Frequently Asked Questions
What will the proposed development look like once built?
The project aesthetic will complement the unique experience at Wolf Creek.
The development includes:
- A modest, 70-room hotel
- Cabins overlooking a pond in the woods
- Areas for yurts and “glamping” (a more comfortable style of camping that includes access to utilities and prepared meals)
- Condos nestled among the trees
How will the development affect local communities?
The effects are overwhelmingly positive.
- Jobs: The project will bring new, much-needed exposure to the area as a tourist destination. This will bring new jobs to the area ─ 2,100 jobs annually after construction is complete ─ and allow current businesses that are struggling to do much better economically. It will also increase tourism to the surrounding communities of Pagosa Springs, Creede, and South Fork, areas that many out-of-staters do not know about.
- Recreation: The project will enhance the experience at Wolf Creek, with new seasonal activities available to locals, such as camping in yurts and summer festivals on site.
- Grants for the environment: Despite what the out-of-town environmentalist opponents claim, the project will provide much-needed funds to help the local wildlife. We have committed over $1 million to be used by scientists to study fluctuations in the population of Canada lynx and improve the habitat for wildlife.
- Boost to tax base: The project will generate tax revenues in Mineral County and the surrounding communities.
For local families and business owners who depend on tourism to put food on the table, these are significant benefits.
What is keeping this development from being built?
The development site lacks road access. The project team has pursued two options for gaining access:
- A land exchange: The developers offered to trade private land in exchange for public land abutting Highway 160.
- A road easement: Forest Service would grant an easement to build a road from the highway to the private parcel over public land.
Are the developers legally entitled to road access?
Yes. Property owners with land surrounded by national forests (inholdings) are entitled to access their land for reasonable uses, under U.S. law.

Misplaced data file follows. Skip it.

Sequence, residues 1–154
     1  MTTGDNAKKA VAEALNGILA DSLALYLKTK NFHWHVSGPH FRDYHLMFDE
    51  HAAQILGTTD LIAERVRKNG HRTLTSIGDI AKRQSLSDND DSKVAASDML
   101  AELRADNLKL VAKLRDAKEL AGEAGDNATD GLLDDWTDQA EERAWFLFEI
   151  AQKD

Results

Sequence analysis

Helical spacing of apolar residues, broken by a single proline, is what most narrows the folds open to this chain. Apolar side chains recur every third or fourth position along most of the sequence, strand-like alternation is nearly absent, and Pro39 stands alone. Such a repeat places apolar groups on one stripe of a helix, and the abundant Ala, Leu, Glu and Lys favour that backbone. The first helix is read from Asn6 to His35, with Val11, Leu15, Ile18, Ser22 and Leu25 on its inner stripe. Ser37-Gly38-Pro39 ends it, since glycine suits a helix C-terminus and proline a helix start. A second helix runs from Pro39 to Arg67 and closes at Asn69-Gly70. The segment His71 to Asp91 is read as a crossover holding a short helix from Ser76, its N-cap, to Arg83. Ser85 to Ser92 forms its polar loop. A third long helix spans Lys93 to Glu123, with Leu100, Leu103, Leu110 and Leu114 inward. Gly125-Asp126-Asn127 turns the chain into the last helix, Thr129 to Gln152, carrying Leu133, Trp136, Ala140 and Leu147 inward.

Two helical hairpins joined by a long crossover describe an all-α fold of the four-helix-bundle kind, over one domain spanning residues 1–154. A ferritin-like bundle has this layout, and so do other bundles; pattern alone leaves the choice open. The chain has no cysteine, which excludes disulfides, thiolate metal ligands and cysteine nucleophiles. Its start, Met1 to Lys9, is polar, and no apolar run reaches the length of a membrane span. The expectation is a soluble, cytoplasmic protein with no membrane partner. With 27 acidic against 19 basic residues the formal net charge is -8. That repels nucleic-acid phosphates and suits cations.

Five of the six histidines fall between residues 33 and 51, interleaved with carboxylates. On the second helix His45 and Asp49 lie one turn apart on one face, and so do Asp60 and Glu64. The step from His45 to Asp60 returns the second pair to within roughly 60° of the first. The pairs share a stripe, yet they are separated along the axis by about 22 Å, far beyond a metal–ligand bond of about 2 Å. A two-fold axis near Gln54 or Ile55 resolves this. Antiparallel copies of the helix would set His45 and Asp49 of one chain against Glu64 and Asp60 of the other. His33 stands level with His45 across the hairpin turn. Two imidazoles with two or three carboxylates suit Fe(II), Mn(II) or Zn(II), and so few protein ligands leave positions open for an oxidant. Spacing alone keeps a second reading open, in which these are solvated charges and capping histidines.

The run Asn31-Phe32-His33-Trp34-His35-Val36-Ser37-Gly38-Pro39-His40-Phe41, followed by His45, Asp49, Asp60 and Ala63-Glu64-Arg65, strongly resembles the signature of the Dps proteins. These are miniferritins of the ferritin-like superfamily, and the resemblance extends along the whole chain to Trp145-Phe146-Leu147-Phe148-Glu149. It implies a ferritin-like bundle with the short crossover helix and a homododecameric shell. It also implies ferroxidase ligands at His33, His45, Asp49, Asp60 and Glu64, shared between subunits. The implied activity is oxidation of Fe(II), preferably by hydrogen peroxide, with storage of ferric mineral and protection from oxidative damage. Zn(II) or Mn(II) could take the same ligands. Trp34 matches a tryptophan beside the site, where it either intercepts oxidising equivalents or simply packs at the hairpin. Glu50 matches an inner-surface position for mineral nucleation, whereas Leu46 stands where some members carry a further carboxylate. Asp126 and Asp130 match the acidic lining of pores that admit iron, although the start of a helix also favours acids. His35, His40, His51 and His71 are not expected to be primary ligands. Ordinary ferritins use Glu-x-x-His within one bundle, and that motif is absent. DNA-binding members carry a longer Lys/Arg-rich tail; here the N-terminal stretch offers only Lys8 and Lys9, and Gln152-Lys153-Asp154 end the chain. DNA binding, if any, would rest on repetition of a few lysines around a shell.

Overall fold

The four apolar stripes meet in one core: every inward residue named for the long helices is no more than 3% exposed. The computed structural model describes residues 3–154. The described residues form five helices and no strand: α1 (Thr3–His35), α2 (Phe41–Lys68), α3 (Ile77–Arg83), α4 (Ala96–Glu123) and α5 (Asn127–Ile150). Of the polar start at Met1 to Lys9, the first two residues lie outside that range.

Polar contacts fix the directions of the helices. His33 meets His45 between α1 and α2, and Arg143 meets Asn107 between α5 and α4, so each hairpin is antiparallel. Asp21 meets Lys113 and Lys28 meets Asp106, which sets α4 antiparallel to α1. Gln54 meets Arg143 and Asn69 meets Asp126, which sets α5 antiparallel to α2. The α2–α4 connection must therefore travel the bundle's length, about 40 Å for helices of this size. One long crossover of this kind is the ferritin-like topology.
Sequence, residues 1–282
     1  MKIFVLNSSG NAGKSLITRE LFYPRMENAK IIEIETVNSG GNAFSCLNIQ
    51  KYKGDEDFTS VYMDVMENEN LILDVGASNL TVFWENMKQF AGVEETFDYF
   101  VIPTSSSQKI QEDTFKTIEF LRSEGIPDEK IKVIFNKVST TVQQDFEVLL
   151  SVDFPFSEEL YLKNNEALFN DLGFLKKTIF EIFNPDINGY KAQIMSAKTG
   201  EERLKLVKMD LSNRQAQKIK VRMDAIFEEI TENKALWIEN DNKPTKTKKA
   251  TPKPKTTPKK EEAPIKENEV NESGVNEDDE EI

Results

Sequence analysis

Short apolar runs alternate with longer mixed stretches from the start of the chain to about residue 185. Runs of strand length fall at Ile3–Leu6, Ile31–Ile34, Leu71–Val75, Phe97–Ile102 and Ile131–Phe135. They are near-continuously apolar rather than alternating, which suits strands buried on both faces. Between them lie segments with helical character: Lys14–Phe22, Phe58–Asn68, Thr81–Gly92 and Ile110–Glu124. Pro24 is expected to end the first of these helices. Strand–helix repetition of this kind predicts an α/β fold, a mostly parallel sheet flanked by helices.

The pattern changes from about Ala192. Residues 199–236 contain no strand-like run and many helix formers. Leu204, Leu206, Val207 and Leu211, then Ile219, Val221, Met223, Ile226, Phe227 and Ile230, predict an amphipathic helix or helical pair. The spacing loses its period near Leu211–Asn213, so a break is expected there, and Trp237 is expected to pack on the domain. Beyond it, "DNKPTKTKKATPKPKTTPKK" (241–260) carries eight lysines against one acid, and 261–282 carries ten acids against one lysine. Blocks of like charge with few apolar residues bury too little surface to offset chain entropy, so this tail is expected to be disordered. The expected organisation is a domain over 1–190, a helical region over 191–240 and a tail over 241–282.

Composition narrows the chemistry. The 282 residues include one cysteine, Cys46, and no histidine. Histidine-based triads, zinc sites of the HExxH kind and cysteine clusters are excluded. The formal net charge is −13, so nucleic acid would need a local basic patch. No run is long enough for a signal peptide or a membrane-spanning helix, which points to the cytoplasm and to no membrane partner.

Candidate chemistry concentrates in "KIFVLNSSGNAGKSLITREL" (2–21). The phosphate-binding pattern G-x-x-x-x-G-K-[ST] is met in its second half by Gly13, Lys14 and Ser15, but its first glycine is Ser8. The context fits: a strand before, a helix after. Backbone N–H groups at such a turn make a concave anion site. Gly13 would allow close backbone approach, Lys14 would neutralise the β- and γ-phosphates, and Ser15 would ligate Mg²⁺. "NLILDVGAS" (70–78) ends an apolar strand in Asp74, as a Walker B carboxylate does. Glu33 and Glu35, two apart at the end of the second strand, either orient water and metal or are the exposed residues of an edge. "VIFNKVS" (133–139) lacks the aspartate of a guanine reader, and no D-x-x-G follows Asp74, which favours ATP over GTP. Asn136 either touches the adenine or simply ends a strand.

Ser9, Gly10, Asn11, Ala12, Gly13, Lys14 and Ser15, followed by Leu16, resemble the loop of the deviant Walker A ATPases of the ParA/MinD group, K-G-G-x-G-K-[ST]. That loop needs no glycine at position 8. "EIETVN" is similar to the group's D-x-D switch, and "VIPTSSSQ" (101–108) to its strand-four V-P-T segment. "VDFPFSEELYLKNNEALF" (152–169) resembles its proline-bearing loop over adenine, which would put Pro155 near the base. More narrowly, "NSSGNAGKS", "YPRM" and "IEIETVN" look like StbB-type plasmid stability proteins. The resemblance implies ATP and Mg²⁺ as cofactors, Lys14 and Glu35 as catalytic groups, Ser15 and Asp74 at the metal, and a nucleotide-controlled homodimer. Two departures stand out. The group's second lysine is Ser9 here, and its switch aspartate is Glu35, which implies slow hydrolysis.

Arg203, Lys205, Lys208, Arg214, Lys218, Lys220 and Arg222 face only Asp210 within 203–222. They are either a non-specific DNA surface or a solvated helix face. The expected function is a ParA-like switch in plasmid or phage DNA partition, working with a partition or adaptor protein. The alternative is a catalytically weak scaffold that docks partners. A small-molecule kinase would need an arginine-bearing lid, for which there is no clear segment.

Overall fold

If the developers are entitled to the road, why haven’t they gotten it yet?
There are two ways to obtain access to an inholding: Congressional legislation or Forest Service approval via an environmental impact analysis. For political reasons, the project team has been unable to secure legislation in Congress. The project team has pursued Forest Service approval since 2001, investing significant time and resources into a transparent, public process. Out-of-town environmental pressure groups have twice blocked, through the courts, the property owner’s road access, which the Forest Service approved in 2006 and again in 2015.
Who are these environmental groups?
The environmental groups are led by the Denver-based Rocky Mountain Wild. They are joined by the San Luis Valley Ecosystem Council, based in Alamosa; the San Juan Citizens Alliance, based in Durango; and Wilderness Workshop, based in Carbondale.
What do they want?
The environmental groups want the private landowner’s property to become public land. They do not want enhanced recreational opportunities or associated economic stimulus for local communities.
What is the project team’s intent and vision?
The development team also values the area’s biodiversity and wants more people to enjoy the outdoor recreational opportunities and experiences that southwestern Colorado has to offer. The project plan balances sensitivity to the environment with the economic benefits to thousands of area residents. The developers have committed more than $1 million to benefit wildlife through tracking studies, public education, and wildlife awareness on Highway 160. The landowner has proposed exchanging rare and valuable wetlands currently located on the private parcel for public land that is less environmentally sensitive: a proactive approach towards ensuring a win for the environment.